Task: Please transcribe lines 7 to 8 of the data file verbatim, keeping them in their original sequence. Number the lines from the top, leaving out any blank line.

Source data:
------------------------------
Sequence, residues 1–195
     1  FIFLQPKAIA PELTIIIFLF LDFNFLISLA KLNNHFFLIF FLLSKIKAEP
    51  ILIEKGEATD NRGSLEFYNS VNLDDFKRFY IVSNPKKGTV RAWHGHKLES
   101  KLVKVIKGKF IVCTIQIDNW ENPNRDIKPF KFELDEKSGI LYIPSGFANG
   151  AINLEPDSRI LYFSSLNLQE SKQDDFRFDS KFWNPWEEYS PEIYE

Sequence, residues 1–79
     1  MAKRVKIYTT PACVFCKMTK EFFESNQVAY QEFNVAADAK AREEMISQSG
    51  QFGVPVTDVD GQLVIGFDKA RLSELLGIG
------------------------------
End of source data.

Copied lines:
     1  MAKRVKIYTT PACVFCKMTK EFFESNQVAY QEFNVAADAK AREEMISQSG
    51  QFGVPVTDVD GQLVIGFDKA RLSELLGIG